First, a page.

The Stihl is also a pig on gas. It uses about 50% more than my Shindaiwas did. This is not a good thing with gas prices the way they are.

    The Stihl does very well when it is being used to edge beds and sidewalks. The extra weight of the trimmer head assembly gives it more stability than the Shindaiwa. The lighter weight of the power head also means that my left hand, which is holding the power head 4 feet off the ground, doesn't fatigue as quickly as with the Shindaiwas.

    The Stihl has major power compared to the Shindys. They are like toys compared to the Stihl. With 105 line the Stihl was burning everything clean to the ground. This irritated me and it was not my style to scalp trim. So I swapped out the 105 for my usual Echo Crossfire 080 and I can now get that "skim" trim that I like so much. I have tried 105 in my Shindaiwas and they didn't have the power to trim with it.

    All in all I would now have to say that the first thing I will look at in the future will be which hand the trimmer is built to trim with. I hate to have to do this much work to a trimmer when it is brand new and it still blows hot air on my arm.
  6. allstar

    allstar LawnSite Senior Member
    Messages: 282

    I've been in this business for about a year now and,even though I have 2 nice JD trimmers,I still use Weedeater brand trimmers 90% of the time.For most basic trimming jobs(cutting around trees,along ditchbanks,etc.)I don't really need alot of power;I just want something that's lightweight and easy to handle.These Weedeater trimmers are soooooooo light and seem to hold up fine.The price,around $80,is hard to beat.The only time I use the JD trimmers is when I'm cutting heavy brush and for walkways I use stick edgers.
  7. Rick Jones

    Rick Jones LawnSite Senior Member
    from NY
    Messages: 427

    Weight is important, as well as balance. You can have two trimmers, weighing exactly the same, but one is easier to handle because the weight is distributed more evenly.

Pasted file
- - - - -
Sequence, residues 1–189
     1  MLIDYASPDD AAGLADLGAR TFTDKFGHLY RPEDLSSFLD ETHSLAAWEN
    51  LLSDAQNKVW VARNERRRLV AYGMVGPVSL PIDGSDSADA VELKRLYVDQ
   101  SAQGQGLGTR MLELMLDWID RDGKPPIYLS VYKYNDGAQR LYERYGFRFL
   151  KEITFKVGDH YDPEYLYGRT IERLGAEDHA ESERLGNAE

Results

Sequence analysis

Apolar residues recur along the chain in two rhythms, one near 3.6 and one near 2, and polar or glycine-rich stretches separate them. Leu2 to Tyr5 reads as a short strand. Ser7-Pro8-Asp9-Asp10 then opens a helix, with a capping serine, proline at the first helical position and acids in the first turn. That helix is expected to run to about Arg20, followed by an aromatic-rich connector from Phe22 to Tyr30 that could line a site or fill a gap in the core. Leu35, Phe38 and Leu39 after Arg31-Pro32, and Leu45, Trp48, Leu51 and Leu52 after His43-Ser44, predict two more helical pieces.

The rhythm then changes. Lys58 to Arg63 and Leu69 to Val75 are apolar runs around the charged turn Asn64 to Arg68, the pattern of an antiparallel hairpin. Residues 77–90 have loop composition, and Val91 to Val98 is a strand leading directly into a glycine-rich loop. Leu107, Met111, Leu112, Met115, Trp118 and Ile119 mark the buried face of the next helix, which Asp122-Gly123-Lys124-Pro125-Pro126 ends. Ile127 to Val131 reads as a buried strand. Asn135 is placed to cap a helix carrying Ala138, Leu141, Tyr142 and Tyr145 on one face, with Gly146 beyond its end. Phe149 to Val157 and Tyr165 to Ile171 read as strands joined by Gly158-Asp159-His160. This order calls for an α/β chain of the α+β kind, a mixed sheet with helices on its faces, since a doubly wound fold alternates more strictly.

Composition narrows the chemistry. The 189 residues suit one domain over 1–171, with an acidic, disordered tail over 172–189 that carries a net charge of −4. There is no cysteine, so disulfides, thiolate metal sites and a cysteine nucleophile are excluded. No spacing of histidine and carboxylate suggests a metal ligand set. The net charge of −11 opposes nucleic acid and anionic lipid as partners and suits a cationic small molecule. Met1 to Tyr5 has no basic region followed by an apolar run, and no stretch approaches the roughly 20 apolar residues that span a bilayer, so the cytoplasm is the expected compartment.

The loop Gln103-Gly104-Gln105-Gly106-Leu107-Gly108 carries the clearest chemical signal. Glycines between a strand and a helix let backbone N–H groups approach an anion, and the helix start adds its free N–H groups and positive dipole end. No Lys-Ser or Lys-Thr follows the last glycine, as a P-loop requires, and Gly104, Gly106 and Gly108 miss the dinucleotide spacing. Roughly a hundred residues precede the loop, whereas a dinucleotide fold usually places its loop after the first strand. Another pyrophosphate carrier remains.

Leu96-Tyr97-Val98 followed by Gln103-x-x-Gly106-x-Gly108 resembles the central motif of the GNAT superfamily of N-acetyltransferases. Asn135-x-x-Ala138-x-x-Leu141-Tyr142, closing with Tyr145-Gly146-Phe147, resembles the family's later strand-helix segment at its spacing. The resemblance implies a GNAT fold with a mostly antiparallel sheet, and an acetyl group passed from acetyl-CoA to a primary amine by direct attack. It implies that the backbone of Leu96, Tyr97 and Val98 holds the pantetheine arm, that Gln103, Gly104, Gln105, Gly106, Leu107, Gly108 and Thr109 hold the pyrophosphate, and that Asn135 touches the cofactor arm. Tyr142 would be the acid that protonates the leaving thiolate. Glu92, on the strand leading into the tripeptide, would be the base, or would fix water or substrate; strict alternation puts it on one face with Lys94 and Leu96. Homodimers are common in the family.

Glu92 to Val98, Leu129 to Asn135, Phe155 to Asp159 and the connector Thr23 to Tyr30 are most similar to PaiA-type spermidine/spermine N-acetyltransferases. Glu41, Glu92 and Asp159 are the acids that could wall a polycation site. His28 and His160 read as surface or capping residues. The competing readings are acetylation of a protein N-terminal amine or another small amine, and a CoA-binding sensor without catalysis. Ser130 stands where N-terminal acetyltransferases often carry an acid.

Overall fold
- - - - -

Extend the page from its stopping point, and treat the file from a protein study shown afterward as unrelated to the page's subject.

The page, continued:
8. txlawnking

    txlawnking LawnSite Bronze Member
    Messages: 1,905

    For me its all of the above, but most important. LOW Vibration, I've got carpal tunnel and I HATE a trimmer that makes your hand go numb.
  9. Acute Cut

    Acute Cut LawnSite Senior Member
    Messages: 980

    Hmmmm, interesting. Well, there are more "light trimmer" guys than i thought there would be. My trimmer is 19.8lbs (I think) and i wouldnt give it up for one instant. As a matter of fact, i have 5 trimmers in my invatory right now. All fully functional. Myself and my two employees will chose the big heavy ones every time. Why? POWER! The light ones get used if ours break or we have a newbie. I figure i'll get used to the weight. Ya, i know, i dont have a job ________hours long. Ya, i do. :D I still say power over anything else. Some other trimmers are more comfortable, but still.............. I hate getting into something with too small of equipment. If my trimmer cant handle it then i put on the blade. There is NOTHING so far it cant tackle. I even can take out 2" diameter trees with one swing with the blade on.

    Very interesting post. I am surprised also that there was not ONE person who was most concerned about fuel efficiency. Maybe someone with some pull somewhere will catch this thread and get a clue!

    TROTTMAN LawnSite Senior Member
    Messages: 397

    Acute Cut,

    I think the reason no one mentioned fuel economy is that the trimmers are pretty much the least of our gas worries as a whole. Mowers use the majority of gas. The blowers use more than the trimmers, but still not much. What you have to worry about more than anything is the vehicle. Not to say that you shouldn't look for fuel efficiency in smaller power equipment, I'm just making a guess as to why no one picked that as the MOST important thing.